In 1980, Ted Benna, a Philadelphia benefits consultant, noticed that a law passed in 1975 could help employers unburden themselves from the responsibility of providing a lifetime of income to their retirees through qualified defined benefit pension plans. He noticed that paragraph “k” of Section 401 on the Internal Revenue Code could be used by employers to allow their employees to take a salary reduction as a tax-deferred contribution to their retirement plans. That was the beginning of the qualified defined contribution 401(k) retirement plans which shifted the burden of providing for retirement from the employer to the employee.
Today, trillions of dollars of employees’ retirement savings are tied up in employer-sponsored 401(k) plans. Insurance companies and stock brokerages have benefited financially by providing products to satisfy the needs of employees, particularly annuity and mutual fund investments. Unfortunately, many of these investment vehicles have underperformed leaving retirees with less money than they had counted on at retirement. Some employees have become so skittish about investing their retirement savings in the volatile stock market that they have chosen to put their money into bonds and money market accounts (MMAs) rather than risk the possibility of losing their nest egg. The problem is, these investment options don’t keep pace with inflation.
Fortunately, there is a better option available. Form your own limited liability company or Sub-S corporation and set up your own qualified self-directed one participant (often called solo or individual) 401(k) plan to supplement your current company-sponsored retirement program. Although you can’t contribute more to your retirement plans than the law allows, you can have more than one 401(k) retirement plan. This allows you to invest directly in income-producing real estate. I have worked with several individuals, in conjunction with an experienced third party administrator, who have successfully used this method to invest in alternative investments like income-producing real estate to achieve a higher return on their retirement funds.
Here’s a couple of examples of how it works. A nurse in her mid-40s has worked for a major corporation for years. Her plan is fully vested. She had her money invested in mutual funds which were earning her an anemic return. She approached her plan administrator who told her she could not invest directly in a real estate investment. So she and her husband, after establishing an LLC, set up a self-directed solo 401(k) plan to which they could each contribute. They are now investing in an income-producing real estate investment that will likely yield them a return that is more than double the return they were getting on their existing plan. Another person who works for a small corporation had his retirement savings invested in a money market account because he had seen others lose a lot of money in the stock market. His money market account was earning him less than $2,000 a year on $280,000. He chose to form an LLC and set up a self-directed solo 401(k) plan and invest in an income-producing real estate project. His projected return on a $200,000 investment is slated to be $1,000 a month. That’s $12,000 a year compared to the meager $2,000 a year he was earning.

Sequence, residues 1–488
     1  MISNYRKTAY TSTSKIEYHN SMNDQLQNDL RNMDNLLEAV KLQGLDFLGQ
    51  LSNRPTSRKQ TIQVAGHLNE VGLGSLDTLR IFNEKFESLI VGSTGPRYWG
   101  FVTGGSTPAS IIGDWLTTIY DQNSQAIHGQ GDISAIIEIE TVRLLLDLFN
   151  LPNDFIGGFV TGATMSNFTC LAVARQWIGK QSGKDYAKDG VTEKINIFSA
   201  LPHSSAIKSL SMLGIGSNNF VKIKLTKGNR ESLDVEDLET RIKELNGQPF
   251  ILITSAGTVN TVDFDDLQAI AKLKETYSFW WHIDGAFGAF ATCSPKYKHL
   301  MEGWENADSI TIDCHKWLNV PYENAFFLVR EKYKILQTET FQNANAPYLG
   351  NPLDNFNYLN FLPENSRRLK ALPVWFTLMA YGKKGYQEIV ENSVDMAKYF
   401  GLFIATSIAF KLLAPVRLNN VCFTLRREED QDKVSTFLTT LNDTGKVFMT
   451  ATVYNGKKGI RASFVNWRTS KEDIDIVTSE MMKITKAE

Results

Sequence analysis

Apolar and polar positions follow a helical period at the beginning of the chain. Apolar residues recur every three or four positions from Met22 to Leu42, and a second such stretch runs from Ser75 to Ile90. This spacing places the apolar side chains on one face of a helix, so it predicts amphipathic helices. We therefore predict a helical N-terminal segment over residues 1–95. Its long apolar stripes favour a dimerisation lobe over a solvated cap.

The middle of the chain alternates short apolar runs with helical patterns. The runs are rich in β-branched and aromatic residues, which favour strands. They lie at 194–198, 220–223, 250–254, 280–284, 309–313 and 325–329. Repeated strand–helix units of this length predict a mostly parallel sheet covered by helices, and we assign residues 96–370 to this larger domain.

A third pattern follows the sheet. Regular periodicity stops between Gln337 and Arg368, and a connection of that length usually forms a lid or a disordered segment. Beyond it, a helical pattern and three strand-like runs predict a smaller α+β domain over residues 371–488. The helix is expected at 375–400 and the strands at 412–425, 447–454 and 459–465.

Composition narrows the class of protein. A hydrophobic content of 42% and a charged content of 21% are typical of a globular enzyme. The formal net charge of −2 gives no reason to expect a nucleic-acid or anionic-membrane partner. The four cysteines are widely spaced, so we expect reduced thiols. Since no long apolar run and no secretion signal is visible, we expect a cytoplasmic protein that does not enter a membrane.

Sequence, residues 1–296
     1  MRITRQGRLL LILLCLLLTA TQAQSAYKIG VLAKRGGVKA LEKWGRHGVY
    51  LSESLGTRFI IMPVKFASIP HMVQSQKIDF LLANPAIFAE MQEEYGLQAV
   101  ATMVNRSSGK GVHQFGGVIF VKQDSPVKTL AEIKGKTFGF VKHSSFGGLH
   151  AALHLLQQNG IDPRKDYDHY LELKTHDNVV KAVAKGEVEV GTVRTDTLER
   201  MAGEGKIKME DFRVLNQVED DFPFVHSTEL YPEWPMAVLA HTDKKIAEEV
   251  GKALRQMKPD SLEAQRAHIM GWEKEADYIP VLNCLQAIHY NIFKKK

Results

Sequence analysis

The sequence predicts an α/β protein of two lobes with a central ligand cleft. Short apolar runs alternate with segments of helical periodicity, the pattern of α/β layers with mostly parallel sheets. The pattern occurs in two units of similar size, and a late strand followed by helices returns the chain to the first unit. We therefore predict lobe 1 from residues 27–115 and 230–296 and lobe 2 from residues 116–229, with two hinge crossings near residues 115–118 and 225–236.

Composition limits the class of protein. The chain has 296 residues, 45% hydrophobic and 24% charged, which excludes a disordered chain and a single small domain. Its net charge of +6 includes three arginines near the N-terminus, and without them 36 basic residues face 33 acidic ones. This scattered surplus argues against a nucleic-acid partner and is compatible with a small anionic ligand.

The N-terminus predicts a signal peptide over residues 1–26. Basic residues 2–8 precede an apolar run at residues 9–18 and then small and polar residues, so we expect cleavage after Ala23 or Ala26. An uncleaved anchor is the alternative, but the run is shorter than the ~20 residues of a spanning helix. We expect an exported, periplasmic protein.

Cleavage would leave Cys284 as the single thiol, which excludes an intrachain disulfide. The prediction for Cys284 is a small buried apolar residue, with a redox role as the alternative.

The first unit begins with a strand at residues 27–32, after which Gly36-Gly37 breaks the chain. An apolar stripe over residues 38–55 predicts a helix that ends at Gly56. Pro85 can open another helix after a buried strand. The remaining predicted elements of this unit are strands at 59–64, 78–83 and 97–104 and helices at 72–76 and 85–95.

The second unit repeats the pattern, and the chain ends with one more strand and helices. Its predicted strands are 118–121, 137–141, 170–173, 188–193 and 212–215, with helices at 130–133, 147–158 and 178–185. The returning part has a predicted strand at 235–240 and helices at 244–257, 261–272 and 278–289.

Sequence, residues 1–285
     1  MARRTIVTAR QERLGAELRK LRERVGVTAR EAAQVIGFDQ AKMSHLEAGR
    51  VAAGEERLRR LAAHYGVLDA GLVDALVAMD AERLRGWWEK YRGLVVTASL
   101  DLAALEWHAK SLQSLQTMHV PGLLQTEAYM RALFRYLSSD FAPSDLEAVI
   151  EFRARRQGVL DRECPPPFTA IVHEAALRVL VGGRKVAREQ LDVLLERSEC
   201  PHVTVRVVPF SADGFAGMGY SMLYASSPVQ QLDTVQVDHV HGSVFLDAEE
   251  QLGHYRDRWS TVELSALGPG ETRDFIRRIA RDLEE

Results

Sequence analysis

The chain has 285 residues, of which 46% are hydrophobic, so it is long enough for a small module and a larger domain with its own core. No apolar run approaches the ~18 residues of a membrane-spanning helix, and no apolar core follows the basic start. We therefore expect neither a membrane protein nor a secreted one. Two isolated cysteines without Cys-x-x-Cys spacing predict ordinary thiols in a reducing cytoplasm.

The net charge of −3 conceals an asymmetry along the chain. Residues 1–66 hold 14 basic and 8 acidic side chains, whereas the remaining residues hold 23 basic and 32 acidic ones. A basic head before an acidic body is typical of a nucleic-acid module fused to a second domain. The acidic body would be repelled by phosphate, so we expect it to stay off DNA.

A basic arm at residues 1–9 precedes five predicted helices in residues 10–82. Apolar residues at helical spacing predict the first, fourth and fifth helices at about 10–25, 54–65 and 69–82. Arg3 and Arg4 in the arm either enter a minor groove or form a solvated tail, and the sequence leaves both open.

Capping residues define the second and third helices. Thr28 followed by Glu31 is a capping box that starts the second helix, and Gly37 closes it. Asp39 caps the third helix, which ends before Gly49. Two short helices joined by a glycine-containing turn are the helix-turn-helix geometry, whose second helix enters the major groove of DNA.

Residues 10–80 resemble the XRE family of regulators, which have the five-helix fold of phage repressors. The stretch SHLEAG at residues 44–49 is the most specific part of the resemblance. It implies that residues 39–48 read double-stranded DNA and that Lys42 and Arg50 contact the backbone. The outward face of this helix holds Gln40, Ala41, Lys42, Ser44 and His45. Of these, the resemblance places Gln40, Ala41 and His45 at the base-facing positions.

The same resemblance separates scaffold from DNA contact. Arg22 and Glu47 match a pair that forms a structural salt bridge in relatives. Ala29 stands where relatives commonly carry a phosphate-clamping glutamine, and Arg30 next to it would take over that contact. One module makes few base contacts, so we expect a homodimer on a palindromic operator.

Here’s an illustration of how an investment in an income-producing real estate project works. Collectively, a group of like-minded investors, assisted by an experienced real estate syndicator, pool their resources to develop, construct, own and manage an income-producing real estate investment. In a few short years, the project is worth considerably more than their original investment. With income-producing real estate, the tenants who rent in your project provide the income to help you achieve a significant cash-on-cash return.
Like any investment, income-producing real estate may not be the right investment for you. However, many have experienced better returns by forming an LLC and creating a self-directed solo 401(k) plan. There are some eligibility requirements you must meet, but for many this has been an approach that has enhanced the returns they have achieved on the retirement investments. And the beauty of it is, at retirement, the real estate asset doesn’t have to be liquidated to provide the income to meet your retirement needs. It can be passed on as a legacy to your wise investing prowess. The Internal Revenue Service (IRS) permits this type of self-directed retirement accounts. Many of the standard stock brokerage firms and financial planning organizations do not. They want to take your money, charge relatively high fees, and invest only in products that pay them a commission. It’s become a very self-serving approach to retirement investing.
From my perspective, you can achieve significantly higher returns by taking the initiative to set up your own self-directed solo 401(k) plan and investing in income-producing real estate to augment your current employer-provided 401(k) plan. In many cases, it’s also possible to transfer some of your existing retirement funds into your new solo 401(k) even though most company-sponsored administrators will tell you that you can’t touch your 401(k) plan until you retire or your employment with the company has ended. There are several experienced, IRS-sanctioned third-party administrators who will help you navigate the process. I have personally assisted several of my clients with setting up their own solo 401(k) retirement plans. It takes a few weeks to accomplish, but it is well worth it. If you need some assistance, give me a call.